1984 Literature Circle Activities

Instructor: Nora Jarvis

Nora has a Master's degree in teaching, and has taught a variety of elementary grades.

''1984'' by George Orwell is a dystopian science fiction novel that will engage your students. Use these ideas to assign literature circle activities to your students.

Using Literature Circles

Literature circles are an excellent way to build independence with your students. They'll read through the book and complete assignments in their journals. Then, students will gather together in literature circles and self-direct their work. Students will base their discussions off their independent work. You'll work with your class to build up their autonomy and independence to engage in the book.

1984 by George Orwell is an excellent choice for your students. The dystopian book is filled with science fiction that will interest your students and give them lots to talk about.


This activity can be done at several points throughout their reading. Before your students begin reading, you can have them preview the book by reading the back cover and examining the front cover. Students should use the information found in these places to make predictions about what the book is going to be about. You can also have students make additional predictions at any point throughout the book. Students should think about the motivations and actions of the characters to justify what they think is going to happen next in the book.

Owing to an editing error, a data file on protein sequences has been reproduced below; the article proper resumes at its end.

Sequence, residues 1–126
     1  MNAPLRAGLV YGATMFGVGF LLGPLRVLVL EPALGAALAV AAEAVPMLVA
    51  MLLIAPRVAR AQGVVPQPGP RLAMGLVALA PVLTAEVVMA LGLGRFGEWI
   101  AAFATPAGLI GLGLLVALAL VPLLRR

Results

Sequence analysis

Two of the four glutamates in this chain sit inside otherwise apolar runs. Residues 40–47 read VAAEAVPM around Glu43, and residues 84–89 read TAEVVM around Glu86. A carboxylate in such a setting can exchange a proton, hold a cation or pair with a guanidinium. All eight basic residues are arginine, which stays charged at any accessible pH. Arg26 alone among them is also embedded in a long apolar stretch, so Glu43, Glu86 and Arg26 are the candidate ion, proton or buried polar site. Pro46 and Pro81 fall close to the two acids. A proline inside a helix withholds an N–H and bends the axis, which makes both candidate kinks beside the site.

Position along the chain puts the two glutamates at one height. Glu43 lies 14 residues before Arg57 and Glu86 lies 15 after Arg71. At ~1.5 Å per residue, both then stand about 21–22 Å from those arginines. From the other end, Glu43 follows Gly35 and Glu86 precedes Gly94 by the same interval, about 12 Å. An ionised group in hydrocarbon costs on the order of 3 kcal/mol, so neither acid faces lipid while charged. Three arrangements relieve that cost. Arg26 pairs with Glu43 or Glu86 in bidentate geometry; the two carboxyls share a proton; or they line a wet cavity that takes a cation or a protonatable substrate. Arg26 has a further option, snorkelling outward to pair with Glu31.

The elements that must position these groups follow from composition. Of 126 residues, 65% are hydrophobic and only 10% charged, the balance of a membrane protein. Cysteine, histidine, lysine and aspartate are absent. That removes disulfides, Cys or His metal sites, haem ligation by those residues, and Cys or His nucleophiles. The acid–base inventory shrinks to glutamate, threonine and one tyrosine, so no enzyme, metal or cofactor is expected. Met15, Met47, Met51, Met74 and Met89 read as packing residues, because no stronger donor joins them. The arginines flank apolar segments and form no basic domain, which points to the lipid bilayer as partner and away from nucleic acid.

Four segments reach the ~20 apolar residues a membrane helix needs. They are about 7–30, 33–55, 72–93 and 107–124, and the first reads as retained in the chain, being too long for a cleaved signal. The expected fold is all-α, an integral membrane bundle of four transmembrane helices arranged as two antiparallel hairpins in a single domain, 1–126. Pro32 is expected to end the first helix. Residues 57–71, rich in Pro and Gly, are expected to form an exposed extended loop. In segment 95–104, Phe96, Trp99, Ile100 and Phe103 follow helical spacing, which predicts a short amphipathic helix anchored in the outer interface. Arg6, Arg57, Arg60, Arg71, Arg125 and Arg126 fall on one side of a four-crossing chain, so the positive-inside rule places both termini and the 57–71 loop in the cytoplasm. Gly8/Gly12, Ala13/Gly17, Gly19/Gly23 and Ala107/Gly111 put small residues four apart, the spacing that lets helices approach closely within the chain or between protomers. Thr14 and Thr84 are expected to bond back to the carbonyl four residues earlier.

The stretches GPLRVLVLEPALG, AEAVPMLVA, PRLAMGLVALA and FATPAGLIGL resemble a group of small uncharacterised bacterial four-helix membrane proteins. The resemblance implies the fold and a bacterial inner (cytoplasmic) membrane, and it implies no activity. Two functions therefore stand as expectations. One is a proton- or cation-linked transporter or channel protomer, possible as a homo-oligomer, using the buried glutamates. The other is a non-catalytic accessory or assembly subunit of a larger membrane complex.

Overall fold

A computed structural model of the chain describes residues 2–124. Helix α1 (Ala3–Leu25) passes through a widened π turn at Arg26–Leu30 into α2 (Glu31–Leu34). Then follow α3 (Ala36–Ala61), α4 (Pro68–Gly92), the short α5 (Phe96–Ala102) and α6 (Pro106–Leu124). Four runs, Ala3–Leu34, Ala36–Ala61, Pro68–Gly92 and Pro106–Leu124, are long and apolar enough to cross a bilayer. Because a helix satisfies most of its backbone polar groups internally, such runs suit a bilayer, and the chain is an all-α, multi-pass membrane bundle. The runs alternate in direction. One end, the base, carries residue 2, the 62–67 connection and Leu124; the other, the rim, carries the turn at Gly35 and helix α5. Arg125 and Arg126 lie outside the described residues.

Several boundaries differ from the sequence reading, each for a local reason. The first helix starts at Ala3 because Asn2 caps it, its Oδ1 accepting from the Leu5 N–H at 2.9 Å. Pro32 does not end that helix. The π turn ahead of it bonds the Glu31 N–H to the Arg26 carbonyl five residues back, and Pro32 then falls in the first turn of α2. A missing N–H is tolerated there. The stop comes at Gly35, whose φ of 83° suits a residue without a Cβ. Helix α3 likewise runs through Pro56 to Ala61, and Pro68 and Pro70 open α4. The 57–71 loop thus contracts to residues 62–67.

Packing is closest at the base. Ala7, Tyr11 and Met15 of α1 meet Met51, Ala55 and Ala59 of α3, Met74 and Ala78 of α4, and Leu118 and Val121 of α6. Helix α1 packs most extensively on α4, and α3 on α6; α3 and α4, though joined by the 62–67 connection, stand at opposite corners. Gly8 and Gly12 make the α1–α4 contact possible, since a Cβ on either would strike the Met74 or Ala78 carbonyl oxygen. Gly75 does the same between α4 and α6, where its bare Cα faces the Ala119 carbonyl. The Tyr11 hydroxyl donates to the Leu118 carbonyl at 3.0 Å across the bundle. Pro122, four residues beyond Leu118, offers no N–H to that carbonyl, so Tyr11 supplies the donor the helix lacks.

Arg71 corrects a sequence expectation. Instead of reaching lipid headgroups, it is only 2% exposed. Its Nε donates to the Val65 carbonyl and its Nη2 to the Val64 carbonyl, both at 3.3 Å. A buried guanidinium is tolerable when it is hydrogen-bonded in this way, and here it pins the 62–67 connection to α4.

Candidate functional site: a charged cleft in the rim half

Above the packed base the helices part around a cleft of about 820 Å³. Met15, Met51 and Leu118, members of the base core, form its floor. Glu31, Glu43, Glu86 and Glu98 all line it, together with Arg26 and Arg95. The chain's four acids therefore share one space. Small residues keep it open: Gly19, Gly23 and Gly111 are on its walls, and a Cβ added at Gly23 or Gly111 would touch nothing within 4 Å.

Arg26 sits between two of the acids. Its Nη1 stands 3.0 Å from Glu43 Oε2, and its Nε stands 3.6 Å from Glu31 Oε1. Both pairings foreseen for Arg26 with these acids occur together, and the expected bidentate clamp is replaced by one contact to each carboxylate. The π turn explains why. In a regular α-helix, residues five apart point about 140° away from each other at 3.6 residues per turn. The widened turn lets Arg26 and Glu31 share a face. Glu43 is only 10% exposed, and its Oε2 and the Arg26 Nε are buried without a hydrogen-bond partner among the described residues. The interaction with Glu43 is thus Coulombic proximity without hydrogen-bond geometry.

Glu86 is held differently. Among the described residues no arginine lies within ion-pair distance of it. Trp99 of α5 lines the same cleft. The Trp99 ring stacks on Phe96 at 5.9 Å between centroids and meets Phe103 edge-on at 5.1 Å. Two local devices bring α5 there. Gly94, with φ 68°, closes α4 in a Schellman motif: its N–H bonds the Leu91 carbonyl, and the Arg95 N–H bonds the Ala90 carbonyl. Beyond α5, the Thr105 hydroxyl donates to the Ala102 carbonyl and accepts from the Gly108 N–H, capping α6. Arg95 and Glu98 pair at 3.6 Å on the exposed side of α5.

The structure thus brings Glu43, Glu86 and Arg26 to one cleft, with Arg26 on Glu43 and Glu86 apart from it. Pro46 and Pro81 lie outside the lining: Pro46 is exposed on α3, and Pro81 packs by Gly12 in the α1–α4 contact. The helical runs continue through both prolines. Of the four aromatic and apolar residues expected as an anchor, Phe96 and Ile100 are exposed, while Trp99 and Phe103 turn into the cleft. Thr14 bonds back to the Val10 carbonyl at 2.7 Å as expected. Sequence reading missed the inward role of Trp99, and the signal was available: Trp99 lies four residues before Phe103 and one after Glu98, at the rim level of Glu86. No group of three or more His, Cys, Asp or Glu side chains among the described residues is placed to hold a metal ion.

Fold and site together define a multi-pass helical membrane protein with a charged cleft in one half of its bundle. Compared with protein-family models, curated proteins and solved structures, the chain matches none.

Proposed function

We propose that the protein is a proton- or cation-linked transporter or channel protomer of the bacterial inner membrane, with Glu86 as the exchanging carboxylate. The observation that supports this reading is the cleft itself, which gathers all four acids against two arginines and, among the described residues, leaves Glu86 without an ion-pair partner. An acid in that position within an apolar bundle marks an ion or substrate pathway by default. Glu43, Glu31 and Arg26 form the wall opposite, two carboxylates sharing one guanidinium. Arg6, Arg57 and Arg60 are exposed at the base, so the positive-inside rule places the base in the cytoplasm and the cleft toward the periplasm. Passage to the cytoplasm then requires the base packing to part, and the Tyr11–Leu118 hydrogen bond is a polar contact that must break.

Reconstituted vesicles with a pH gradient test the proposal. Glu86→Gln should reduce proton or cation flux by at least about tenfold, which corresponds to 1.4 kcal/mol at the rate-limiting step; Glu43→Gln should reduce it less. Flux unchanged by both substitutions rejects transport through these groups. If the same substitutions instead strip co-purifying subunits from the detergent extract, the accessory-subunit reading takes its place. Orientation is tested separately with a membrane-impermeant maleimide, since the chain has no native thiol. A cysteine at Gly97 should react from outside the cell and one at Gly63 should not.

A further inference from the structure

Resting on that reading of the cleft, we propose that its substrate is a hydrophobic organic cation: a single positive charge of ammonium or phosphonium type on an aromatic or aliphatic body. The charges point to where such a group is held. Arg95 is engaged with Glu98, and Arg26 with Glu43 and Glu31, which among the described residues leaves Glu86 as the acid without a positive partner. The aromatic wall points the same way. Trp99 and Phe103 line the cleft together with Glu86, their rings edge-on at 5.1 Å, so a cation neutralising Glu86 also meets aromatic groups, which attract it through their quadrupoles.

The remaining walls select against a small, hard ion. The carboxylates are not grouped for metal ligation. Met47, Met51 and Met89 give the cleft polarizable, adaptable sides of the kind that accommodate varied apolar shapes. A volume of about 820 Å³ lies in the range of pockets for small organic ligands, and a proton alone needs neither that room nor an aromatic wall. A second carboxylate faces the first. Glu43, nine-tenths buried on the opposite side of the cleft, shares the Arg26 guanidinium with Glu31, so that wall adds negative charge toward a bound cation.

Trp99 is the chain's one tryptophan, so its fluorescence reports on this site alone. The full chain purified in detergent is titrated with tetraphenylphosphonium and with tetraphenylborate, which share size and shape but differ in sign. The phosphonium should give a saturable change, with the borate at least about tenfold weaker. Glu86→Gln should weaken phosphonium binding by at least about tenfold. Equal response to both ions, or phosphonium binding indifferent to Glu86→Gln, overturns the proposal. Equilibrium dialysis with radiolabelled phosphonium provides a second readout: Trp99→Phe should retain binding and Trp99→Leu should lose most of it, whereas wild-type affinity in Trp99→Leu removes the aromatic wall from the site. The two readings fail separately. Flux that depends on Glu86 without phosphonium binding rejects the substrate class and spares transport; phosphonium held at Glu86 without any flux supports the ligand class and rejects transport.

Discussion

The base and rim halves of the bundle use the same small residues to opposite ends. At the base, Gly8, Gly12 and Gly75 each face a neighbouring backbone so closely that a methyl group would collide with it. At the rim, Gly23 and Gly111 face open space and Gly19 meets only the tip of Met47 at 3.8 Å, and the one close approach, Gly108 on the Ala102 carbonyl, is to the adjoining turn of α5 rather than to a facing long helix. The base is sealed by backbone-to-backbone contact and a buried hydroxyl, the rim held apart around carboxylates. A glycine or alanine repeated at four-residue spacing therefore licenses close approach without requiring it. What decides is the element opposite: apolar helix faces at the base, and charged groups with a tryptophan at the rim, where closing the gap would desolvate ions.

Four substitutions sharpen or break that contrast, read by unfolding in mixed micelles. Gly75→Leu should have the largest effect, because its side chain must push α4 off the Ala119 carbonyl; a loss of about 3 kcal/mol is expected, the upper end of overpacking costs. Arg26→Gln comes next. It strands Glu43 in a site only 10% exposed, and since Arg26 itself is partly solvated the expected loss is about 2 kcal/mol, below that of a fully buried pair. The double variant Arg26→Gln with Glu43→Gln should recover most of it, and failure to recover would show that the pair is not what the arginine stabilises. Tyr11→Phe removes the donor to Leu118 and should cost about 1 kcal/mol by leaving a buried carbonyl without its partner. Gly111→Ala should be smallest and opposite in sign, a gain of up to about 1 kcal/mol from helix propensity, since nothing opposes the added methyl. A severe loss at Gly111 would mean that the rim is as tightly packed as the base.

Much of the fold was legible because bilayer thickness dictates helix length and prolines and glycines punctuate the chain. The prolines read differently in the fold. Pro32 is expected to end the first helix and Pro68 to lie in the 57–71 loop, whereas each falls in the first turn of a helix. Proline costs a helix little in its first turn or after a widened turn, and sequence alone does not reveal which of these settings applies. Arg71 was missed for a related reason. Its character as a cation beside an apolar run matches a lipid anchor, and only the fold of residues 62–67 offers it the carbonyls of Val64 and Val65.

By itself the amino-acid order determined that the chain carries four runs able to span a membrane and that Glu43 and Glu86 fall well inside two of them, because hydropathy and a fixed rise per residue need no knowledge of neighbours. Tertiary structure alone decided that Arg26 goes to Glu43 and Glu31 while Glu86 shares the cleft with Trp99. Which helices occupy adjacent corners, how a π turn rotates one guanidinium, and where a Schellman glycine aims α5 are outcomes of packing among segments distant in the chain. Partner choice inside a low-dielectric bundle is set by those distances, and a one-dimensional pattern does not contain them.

While students read, they should write down questions that they come up with. Encourage students to go beyond knowledge-based questions to figure out questions that require analysis or evaluation. When they gather in their literature circles, students can use their questions to prompt discussion in their group.

Write a Blurb

After reading a section of the book, have students write a blurb about the section. Encourage them to write a blurb that is intended to provide information but also entice others into reading the book. When students gather in their literature circles, have them share their blurbs with the group. Students can then talk with each other about the blurbs and share their reactions. Did the blurb make them want to read the book? What would they change about the blurb?

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